Drinking soda isn't good for your teeth because the sugar and acids in soda contribute to tooth decay. Dark-colored soda also leads to tooth stains. However, good dental care and tooth whitening may remove some stains caused by soda and other foods and drinks.
The dark compounds in dark-colored sodas cause surface staining on your teeth. Over time, your tooth enamel absorbs these compounds, causing brown or yellow discoloration. However, soda isn't the only drink that discolors your teeth; tea, coffee and red wine also contain dark compounds that can stain enamel. You may also experience tooth discoloration from smoking, certain medications, injury or age, according to the Cleveland Clinic. Clear sodas don't directly stain teeth.
Soda doesn't just stain your teeth; the acids in soft drinks may also cause tooth enamel to wear away with time, causing tooth erosion. Clear soda and diet soda also contain these acids, according to WomensHealth.gov. Tooth erosion may also make your teeth more susceptible to staining and discoloration. Sodas that contain sugar also damage your teeth by helping bacteria in your mouth produce more acids, increasing your risk of cavities and other problems.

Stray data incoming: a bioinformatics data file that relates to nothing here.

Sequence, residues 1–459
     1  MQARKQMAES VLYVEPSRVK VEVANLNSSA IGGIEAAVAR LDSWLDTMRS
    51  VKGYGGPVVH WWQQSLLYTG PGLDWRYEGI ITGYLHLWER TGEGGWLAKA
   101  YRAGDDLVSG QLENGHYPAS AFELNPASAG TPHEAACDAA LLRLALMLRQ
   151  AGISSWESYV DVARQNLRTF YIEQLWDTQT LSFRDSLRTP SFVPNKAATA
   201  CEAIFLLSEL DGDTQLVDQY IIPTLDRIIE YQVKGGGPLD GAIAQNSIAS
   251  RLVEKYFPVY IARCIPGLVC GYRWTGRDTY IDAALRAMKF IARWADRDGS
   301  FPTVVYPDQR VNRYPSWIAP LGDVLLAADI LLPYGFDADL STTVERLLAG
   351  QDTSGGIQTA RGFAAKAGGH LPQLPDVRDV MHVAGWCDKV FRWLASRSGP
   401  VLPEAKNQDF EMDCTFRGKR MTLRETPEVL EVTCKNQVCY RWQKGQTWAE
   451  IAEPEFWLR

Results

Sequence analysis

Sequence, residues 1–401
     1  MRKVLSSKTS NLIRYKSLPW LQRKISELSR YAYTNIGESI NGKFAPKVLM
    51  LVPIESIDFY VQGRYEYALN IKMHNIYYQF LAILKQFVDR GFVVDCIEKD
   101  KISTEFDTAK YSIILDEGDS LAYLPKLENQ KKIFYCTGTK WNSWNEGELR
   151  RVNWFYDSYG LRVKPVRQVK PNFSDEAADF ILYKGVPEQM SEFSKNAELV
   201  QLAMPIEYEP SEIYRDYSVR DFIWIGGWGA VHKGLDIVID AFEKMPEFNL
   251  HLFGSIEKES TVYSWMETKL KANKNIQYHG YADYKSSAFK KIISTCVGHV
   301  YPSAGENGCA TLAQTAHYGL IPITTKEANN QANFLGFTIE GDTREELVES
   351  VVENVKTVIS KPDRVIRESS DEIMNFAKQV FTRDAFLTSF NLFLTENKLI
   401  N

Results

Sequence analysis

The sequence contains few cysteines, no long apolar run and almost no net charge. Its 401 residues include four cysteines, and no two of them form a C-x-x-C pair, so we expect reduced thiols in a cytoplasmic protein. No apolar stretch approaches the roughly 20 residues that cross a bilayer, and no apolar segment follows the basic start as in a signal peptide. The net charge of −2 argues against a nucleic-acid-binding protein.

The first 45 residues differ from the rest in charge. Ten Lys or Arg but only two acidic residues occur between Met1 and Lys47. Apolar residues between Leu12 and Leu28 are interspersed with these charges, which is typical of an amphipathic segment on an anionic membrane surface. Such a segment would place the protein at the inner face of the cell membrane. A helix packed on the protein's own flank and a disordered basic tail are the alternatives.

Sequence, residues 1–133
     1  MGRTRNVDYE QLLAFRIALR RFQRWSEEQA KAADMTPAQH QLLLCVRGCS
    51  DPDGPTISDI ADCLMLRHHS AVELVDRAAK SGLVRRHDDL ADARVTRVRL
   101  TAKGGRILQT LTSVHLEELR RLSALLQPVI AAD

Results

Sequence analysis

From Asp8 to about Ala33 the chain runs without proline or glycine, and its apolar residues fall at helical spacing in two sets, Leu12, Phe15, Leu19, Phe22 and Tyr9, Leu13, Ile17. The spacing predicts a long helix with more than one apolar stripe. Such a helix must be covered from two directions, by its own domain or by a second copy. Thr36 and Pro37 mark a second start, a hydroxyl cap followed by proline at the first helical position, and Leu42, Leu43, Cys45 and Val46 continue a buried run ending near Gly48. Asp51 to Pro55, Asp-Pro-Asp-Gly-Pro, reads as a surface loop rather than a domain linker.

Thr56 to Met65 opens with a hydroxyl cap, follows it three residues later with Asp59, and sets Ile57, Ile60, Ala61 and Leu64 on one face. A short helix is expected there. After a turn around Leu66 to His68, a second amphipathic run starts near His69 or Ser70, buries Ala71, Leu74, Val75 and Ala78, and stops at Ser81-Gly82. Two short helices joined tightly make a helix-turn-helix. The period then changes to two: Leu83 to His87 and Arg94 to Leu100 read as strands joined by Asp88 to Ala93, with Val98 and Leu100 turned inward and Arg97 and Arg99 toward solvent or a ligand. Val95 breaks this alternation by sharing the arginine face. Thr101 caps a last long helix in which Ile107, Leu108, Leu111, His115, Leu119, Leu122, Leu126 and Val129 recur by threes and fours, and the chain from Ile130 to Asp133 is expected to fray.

If you can't give up dark-colored sodas entirely, you can still reduce discoloration by drinking through a straw, which helps prevent soda from making contact with the outside of your teeth. Drinking water after having a soda may also help prevent surface stains, according to Consumer Reports Health. In addition, avoid sipping soda; drink it with food, if possible, and drink water or brush your teeth afterward. Finally, take good care of your teeth, including brushing and flossing every day and regularly visiting your dentist for cleanings.
Tooth Whitening Options
If you're unhappy with discoloration or stains on your teeth, talk to your dentist about tooth whitening options. You can whiten your teeth through whitening treatments performed by your dentist or whitening strips or trays used at home. Whitening toothpaste also removes surface stains, but it won't change the color of discolored enamel. Don't use whitening toothpaste if you have sensitive teeth, because the harsh abrasives may cause tooth or gum pain. In addition, avoid soda and other staining foods and drinks while whitening your teeth, because your teeth are more vulnerable to discoloration during whitening.
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